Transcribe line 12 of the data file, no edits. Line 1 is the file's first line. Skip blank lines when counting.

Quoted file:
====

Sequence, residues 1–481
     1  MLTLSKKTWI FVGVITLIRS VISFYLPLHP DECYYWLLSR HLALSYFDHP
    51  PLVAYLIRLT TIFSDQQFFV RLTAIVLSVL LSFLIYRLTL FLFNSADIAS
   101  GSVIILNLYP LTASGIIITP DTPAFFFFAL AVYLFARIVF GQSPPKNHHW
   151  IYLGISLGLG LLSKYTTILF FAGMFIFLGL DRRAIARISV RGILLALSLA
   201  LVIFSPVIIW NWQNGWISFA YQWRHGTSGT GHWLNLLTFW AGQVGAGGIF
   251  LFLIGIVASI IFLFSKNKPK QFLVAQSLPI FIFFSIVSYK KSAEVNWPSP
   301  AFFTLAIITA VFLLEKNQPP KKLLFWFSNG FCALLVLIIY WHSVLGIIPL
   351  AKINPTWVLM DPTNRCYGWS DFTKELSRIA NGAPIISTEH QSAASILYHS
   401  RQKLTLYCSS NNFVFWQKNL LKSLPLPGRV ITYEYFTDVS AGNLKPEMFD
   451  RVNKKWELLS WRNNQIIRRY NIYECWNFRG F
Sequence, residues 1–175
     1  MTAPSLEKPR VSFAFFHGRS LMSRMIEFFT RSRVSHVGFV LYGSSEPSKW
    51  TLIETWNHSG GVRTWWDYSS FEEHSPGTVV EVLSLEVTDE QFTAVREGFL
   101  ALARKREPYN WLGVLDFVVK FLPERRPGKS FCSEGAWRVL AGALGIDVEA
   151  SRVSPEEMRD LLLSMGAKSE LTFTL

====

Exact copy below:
Sequence, residues 1–175